June 3, 2019
Intermittent Fasting For Weight loss
Intermittent fasting (IF) – typically defined as anywhere from 12 to 18 hours without food in each 24 hour period OR full days of fasting interspersed throughout the week – is a dietary pattern that focuses on when to eat, not what to eat. Research has linked IF to a myriad of health benefits, including weight loss, improved brain function and inflammatory markers, reduced insulin resistance and heart disease risk, cancer prevention, and anti-aging. While this list is impressive, studies on IF are in their early stages and are limited due to the lack of human, randomized controlled studies, small sample sizes, short study periods, and minimal follow-up with subjects. Despite these limitations, IF exemplifies many positives and could be a viable and healthy weight loss option for some individuals.
There are three main methods of practicing IF (on non-fasting days/times, there are no restrictions, caloric or otherwise):
1). Time restricted feeding– Food is consumed within a restricted window each day, for example 9am to 5pm; complete fasting (water only) otherwise
2). Whole-day fasting– 1 or 2 days per week consists of complete fasting or no more than 500 calories (or 25% of your daily caloric intake); no restrictions on non-fasting days
3). Alternate-day fasting– Every other day is a fasting day, which consists of complete fasting or no more than 500 calories (or 25% of your daily caloric intake); no restrictions on non-fasting days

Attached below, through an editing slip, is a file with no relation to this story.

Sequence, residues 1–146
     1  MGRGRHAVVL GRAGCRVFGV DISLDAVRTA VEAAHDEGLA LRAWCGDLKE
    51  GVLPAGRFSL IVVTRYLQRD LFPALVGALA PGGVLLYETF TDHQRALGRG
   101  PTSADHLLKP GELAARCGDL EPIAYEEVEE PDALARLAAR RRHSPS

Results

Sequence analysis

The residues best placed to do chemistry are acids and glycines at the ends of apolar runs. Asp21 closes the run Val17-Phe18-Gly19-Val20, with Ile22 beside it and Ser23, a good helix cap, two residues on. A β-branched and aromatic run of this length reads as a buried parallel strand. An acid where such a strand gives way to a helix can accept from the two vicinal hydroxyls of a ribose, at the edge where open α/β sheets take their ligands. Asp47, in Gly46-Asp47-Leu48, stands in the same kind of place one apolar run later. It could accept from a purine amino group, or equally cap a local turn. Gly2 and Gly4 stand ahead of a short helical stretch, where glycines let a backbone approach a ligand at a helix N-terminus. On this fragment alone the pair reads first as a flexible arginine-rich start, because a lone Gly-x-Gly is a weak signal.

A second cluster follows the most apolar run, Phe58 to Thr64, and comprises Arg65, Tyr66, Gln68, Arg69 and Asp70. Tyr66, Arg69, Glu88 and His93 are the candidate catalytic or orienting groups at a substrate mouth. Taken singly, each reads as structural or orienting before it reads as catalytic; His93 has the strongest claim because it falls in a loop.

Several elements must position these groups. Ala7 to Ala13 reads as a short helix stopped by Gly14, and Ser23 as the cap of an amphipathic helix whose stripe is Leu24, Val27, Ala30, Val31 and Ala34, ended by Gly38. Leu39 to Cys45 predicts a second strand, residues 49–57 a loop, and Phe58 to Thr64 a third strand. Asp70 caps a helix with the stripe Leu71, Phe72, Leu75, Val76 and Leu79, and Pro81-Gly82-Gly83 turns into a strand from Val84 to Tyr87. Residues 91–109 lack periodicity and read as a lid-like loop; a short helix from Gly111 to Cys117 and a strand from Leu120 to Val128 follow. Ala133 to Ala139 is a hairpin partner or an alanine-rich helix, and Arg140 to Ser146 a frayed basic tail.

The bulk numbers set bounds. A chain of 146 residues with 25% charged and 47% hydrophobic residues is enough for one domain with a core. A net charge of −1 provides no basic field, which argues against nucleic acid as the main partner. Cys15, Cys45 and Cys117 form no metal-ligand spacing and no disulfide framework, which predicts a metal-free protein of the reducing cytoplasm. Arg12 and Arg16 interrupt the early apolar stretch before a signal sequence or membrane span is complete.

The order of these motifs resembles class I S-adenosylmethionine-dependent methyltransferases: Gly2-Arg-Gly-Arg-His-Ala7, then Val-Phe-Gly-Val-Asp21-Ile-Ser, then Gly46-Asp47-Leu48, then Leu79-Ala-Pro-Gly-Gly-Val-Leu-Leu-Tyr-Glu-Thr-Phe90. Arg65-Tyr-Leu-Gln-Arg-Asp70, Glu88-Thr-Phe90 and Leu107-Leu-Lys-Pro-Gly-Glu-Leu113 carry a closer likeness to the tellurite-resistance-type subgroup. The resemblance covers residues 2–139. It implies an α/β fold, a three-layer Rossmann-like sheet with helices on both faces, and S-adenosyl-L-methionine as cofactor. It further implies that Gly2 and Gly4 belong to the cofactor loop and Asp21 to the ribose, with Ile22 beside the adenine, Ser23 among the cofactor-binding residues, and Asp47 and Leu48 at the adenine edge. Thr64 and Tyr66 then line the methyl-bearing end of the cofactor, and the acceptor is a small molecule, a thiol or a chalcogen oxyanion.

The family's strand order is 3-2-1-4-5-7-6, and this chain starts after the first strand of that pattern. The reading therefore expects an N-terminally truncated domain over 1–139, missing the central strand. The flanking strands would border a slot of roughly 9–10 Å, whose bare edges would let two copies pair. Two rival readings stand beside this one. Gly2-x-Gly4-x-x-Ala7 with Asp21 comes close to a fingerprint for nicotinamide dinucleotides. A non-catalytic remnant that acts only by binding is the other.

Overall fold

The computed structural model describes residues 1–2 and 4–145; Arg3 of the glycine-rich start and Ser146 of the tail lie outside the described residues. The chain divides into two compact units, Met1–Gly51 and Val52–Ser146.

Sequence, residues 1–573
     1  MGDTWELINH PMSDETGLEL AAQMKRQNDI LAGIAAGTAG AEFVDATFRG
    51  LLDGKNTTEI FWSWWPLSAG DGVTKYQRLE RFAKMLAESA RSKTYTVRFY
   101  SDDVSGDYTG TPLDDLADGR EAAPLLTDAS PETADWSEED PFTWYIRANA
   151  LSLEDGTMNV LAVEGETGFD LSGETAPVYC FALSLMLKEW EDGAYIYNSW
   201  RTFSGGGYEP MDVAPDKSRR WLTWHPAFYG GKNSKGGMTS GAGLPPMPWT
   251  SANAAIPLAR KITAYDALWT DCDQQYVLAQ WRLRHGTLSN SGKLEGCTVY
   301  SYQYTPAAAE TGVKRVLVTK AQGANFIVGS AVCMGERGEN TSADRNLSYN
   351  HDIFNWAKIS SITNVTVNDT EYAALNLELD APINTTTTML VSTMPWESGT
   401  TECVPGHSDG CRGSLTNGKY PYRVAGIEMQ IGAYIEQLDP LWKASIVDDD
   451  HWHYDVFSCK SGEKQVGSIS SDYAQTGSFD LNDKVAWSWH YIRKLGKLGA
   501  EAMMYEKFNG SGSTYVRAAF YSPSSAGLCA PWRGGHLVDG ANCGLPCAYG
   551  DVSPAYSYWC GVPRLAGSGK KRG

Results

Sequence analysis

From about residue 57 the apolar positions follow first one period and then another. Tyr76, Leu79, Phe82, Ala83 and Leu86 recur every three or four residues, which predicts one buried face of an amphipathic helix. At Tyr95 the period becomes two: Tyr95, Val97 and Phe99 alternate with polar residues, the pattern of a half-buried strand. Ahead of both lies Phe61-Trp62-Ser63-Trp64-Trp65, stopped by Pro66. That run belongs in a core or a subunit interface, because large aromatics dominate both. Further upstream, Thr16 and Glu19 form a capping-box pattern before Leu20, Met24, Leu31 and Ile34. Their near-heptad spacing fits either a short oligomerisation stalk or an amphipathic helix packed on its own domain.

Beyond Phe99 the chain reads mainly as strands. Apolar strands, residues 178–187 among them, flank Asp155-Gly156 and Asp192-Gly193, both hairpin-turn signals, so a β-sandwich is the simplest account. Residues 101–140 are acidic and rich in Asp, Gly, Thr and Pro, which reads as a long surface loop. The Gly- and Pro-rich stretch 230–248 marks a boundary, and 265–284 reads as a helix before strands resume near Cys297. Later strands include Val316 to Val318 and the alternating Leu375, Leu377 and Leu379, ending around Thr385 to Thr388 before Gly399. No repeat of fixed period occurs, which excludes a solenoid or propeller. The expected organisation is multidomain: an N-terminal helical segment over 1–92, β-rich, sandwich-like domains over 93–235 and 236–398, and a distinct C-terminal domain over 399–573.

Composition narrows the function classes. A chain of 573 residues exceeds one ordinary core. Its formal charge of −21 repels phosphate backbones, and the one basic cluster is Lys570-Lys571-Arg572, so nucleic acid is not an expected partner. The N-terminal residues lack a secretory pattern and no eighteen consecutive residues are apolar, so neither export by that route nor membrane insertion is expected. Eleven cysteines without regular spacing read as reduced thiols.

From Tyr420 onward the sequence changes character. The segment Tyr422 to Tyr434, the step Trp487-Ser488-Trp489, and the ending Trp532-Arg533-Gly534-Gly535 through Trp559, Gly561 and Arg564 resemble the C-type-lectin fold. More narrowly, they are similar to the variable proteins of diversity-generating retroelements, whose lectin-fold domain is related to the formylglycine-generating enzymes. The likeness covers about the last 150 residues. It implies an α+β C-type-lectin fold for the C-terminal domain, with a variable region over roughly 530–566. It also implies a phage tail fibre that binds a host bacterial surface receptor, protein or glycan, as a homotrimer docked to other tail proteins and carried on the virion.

IF For Weight Loss
While fasting can lead to a lower overall intake of calories and is one of the main reasons IF leads to weight loss, this is not the only basis for IF’s weight loss success. IF actually triggers a series of changes on a cellular level that promotes fat loss and increased calorie expenditure. When practiced regularly, IF increases human growth hormone and the release of norepinephrine (the fat burning hormone) and decreases insulin levels – all key factors in weight loss. In fact, studies show that these hormonal changes can result in a 3.6 to 14% increase in metabolic rate. Fasting may also increase the amount of brown fat in our bodies – possibly mediated through changes in the gut microbiome – brown fat burns energy (or calories), while white fat stores energy – which could also explain fasting’s effects on weight loss.
A review of 40 fasting studies for weight loss showed that IF is an effective dieting tool, resulting in an average of 9 pounds lost over 10 weeks. But how does IF compare to daily calorie restriction, which is the most common diet for weight loss? Based on the study findings, researchers concluded that with a dropout rate as high as 60% for some studies, IF is not necessarily a diet with a higher compliance rate than calorie restriction. A smaller, less extensive review on IF for weight management included 6 studies and found a drop out rate of 20%, which is lower than most other weight management programs. This difference in attrition rates tells us that attrition is most likely very dependent on the population and type of IF intervention utilized.
The 40-study review also found that overall, IF did not result in more weight loss or body composition changes when compared to calorie restriction. There is some discrepancy here as well; a small sample of studies show that IF results in greater fat loss or insulin resistance when compared to cutting calories, but based on the research as a whole, IF seems comparable to calorie restriction in these areas.